Long-Term Performance and Sustainable Operation of Energy Piles


Ground temperatures below a depth of about 6 meters (20 feet) remain stable compared to outside air temperatures. This relatively constant temperature and the thermal storage capacity of the ground can be exploited for heating and cooling of buildings. Traditionally, geothermal boreholes have utilized this concept for space heating and cooling. Recently, this ground coupling concept has been expanded from geothermal borehole systems to the use of building foundation elements as heat exchangers. In this hybrid system, geothermal loops are integrated into the deep foundation elements, such as piles, piers, or drilled shafts, that are already in place to provide structural support. The loop is connected to a geothermal heat pump as the heat energy is fed into the ground for cooling in the summer and withdrawn from the ground for heating in the winter. Because geothermal heat pumps use the ground as a constant temperature source which serves as a more favorable baseline compared to the ambient air temperature, these systems work much more efficiently for space heating and cooling compared to air-sourced heat pumps. Sustainable use of the ground as a renewable energy source depends on the seasonal energy load balance. This paper presents the findings on the long-term performance energy piles and their efficiency as heat exchange elements within areas where the demand is non-symmetrical.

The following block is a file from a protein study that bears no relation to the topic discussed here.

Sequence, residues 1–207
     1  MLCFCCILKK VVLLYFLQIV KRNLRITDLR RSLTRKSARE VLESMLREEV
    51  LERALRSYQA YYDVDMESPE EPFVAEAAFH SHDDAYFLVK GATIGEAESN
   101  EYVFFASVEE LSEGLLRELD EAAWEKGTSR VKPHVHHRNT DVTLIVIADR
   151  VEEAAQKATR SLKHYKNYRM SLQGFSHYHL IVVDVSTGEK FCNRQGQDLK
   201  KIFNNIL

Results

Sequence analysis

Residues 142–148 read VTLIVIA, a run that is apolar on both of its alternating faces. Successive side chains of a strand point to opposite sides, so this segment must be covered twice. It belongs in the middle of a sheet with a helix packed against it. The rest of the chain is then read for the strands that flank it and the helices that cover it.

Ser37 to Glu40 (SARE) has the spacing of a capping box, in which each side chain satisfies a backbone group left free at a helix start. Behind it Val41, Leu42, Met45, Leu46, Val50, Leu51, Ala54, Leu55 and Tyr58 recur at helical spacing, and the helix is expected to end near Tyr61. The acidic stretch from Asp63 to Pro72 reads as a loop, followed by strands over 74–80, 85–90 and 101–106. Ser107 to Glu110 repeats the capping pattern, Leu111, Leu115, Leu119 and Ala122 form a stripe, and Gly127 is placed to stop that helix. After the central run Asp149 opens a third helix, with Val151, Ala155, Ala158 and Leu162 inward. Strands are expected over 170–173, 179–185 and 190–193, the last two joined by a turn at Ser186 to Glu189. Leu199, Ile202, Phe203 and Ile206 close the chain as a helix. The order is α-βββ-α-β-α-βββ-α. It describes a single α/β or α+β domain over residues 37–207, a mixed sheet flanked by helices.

Meeting Name

2nd Annual International Conference Sustainable Design, Engineering and Construction, ICSDEC 2012 (1212: Nov. 7-9, Fort Worth, TX)


Civil, Architectural and Environmental Engineering

Keywords and Phrases

Energy Piles; Geothermal Energy; Heat Pumps; Numerical Analysis; Sustainability

International Standard Book Number (ISBN)


Document Type

Article - Conference proceedings

Document Version


File Type





© 2013 American Society of Civil Engineers (ASCE), All rights reserved.

Publication Date

01 Nov 2013